Is there a particular reason why you want to use the velocity version of the RamseteCommand? I would probably just recommend using the voltage version, and divide the left/right outputs of the RamseteCommand by 12 to get your values between +/-1.

1 Like

Because in our code DEV, we have a Characterization, Sensor and PID dependency to design a volt based PID ramsete command for trajectory control, and the speed based ramsete command seemed easier, less inputs in the constructor.
But the end goal is the better PID one, we just wanted to see something move as fast as possible.
(Btw we just changed from labview to java, hence we are re-learning a lot of stuff we did in the previous years)

Thx for advising to divide it by 12 and use the .setvoltage. It actually seem to work. We will debug with following a circle, straight line and other stuff.
What do you mean by smart motor controller? any wplib or CTRE class library link to recommend?

Sorry, I misunderstood,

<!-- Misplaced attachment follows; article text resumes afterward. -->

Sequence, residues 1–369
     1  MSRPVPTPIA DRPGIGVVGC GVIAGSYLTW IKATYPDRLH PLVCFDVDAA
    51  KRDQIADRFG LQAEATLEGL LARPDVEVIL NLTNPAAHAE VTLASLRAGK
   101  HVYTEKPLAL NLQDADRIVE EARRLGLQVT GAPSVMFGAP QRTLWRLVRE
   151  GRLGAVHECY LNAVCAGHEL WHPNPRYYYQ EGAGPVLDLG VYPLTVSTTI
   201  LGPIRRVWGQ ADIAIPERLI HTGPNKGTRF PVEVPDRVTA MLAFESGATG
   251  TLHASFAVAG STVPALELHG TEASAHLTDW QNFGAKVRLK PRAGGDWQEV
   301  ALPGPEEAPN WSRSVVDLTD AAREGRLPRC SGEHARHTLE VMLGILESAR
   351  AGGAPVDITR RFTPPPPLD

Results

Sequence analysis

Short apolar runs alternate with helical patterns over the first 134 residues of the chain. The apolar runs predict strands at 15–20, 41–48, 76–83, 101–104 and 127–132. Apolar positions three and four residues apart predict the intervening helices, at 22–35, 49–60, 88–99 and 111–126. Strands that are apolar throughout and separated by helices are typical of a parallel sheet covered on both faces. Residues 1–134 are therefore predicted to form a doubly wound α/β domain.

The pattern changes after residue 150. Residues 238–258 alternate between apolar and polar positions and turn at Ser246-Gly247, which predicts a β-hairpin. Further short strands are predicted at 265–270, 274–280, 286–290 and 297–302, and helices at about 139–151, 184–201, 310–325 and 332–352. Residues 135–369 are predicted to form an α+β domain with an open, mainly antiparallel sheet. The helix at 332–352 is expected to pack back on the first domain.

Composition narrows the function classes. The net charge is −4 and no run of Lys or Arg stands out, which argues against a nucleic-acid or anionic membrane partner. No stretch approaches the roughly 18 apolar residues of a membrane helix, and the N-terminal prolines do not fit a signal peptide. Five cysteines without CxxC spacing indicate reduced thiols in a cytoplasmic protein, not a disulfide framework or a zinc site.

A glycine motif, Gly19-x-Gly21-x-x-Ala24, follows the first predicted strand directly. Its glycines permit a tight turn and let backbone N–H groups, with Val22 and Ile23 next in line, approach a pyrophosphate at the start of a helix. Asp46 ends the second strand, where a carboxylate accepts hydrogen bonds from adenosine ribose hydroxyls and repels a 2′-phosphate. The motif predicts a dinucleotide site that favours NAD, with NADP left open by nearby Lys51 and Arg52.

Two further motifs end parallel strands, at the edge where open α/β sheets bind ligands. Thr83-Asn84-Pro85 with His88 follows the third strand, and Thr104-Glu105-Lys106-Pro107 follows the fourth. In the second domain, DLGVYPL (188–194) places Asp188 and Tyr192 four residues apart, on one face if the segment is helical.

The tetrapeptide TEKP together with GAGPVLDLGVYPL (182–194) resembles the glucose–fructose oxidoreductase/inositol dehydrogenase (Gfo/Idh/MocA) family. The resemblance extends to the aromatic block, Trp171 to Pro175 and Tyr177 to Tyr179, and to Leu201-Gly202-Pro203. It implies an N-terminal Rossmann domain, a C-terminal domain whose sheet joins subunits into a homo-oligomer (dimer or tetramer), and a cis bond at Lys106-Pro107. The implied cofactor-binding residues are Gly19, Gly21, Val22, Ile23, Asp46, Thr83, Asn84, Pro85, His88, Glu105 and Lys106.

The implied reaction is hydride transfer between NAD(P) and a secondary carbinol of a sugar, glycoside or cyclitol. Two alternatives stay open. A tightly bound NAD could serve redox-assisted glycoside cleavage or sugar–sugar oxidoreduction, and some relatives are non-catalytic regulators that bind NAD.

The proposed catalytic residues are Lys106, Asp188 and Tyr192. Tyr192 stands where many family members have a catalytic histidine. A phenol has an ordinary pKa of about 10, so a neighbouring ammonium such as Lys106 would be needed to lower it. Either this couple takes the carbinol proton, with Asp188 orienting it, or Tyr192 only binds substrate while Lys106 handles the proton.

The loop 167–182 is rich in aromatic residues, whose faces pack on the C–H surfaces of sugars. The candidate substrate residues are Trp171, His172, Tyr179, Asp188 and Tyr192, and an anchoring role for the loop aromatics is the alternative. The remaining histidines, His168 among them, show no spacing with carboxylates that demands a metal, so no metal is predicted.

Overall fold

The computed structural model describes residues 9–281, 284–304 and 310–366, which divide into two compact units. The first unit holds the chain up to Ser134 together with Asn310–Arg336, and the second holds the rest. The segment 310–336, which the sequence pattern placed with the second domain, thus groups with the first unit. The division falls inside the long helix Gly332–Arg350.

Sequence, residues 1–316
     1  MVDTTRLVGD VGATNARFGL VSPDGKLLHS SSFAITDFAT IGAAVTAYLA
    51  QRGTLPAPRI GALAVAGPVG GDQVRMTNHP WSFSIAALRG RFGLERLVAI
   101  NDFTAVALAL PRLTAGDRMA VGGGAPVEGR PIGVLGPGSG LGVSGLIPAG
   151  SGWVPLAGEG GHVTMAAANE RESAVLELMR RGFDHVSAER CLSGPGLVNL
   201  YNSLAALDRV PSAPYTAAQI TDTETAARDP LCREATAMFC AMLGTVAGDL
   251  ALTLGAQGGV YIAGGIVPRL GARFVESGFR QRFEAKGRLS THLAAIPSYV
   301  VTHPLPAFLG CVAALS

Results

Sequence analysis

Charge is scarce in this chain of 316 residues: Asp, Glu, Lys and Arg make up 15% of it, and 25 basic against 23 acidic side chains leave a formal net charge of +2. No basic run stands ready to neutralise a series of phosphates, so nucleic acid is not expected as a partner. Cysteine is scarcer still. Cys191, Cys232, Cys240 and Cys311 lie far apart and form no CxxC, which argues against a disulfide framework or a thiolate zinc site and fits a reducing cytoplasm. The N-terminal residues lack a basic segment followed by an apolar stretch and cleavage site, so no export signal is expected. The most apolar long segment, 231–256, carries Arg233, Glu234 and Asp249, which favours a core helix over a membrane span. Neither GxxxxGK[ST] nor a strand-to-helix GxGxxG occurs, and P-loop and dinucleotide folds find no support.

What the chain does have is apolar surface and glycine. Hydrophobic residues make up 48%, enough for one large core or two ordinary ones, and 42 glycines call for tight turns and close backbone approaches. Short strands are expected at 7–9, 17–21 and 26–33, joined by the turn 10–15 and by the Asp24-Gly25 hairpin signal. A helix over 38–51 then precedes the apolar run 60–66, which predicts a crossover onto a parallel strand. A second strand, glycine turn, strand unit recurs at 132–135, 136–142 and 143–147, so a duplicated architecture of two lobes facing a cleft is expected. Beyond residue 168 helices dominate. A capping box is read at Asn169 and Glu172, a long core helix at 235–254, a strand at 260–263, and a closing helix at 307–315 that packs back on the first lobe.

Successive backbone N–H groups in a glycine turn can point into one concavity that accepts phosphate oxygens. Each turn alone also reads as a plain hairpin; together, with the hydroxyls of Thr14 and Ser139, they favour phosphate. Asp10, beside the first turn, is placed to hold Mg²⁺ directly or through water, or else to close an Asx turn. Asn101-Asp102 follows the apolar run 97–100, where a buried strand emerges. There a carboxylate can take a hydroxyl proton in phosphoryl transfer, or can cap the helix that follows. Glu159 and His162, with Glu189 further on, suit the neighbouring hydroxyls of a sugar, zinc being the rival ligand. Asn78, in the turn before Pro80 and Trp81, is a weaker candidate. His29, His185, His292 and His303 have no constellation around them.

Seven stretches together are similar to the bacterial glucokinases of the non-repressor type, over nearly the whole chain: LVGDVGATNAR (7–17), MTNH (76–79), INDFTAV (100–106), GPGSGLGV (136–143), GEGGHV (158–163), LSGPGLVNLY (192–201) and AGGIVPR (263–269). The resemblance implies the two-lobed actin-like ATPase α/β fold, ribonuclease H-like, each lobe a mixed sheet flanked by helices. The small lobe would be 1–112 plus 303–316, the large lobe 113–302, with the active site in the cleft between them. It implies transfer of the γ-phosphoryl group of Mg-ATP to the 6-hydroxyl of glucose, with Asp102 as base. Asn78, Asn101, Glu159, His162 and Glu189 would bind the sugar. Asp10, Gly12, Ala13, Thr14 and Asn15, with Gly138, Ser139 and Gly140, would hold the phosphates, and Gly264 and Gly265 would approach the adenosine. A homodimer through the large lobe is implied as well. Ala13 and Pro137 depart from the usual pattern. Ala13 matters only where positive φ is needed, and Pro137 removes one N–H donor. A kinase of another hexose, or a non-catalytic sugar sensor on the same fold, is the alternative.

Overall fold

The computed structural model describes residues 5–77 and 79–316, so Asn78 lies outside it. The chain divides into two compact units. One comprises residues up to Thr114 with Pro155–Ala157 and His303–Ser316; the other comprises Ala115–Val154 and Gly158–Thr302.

Did you mean 1. feed in voltage value by dividing speed by 12 and using .setVoltage
or 2. you meant using using ramsetecommand for voltage and dividing it’s calculated command by 12 with .set or .tankDrive?

Oh I forgot that existed. You can use either the setVoltage() function in the SpeedControllerGroup and pass it +/-12 or you can divide the voltage value by 12 to get +/- 1 to pass it into the .set() functions of either your SpeedControllerGroups or your setVoltage classes. I would recommend using setVoltage(), as that function takes into account the current battery voltage when running, so it will put a little more power to the output as the voltage of your battery drops over time from running your robot.

So a smart motor controller would be one of these:
CTRE Talon:

CTRE Falcon:

Rev Spark Max:

All these motor controllers have their own processors within them that can run their own PID loops using their respective code libraries. Depending on your preferences, you can run your PID loops on the roboRIO or the motor controllers themselves, as each has their own benefits/drawbacks. In order to use the PID loops on these motor controllers, you still need to feed them sensor values.

For the Talon, you need to give it a sensor either through the roboRIO or using the output port on the Talon itself. The Spark Max also operates the same way, but if you use a brushless motor, you can use the encoder inside of the brushless motor as your sensor. The Falcon is a Brushless motor that is integrated with its own motor controller and encoder, but you can tell it to follow an external sensor if you wanted to.